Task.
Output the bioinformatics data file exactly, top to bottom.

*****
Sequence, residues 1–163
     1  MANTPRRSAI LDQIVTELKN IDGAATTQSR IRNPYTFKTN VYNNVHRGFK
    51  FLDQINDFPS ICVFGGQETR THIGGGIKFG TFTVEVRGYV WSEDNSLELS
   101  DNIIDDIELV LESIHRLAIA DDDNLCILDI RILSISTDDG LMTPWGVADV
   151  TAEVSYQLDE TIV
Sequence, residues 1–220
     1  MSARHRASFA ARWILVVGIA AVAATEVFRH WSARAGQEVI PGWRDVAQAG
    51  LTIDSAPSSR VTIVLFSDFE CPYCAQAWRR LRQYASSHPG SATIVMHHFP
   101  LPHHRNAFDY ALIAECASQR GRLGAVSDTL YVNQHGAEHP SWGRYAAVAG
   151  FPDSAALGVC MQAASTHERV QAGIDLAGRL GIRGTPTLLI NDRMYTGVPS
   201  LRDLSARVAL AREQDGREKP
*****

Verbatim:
Sequence, residues 1–163
     1  MANTPRRSAI LDQIVTELKN IDGAATTQSR IRNPYTFKTN VYNNVHRGFK
    51  FLDQINDFPS ICVFGGQETR THIGGGIKFG TFTVEVRGYV WSEDNSLELS
   101  DNIIDDIELV LESIHRLAIA DDDNLCILDI RILSISTDDG LMTPWGVADV
   151  TAEVSYQLDE TIV
Sequence, residues 1–220
     1  MSARHRASFA ARWILVVGIA AVAATEVFRH WSARAGQEVI PGWRDVAQAG
    51  LTIDSAPSSR VTIVLFSDFE CPYCAQAWRR LRQYASSHPG SATIVMHHFP
   101  LPHHRNAFDY ALIAECASQR GRLGAVSDTL YVNQHGAEHP SWGRYAAVAG
   151  FPDSAALGVC MQAASTHERV QAGIDLAGRL GIRGTPTLLI NDRMYTGVPS
   201  LRDLSARVAL AREQDGREKP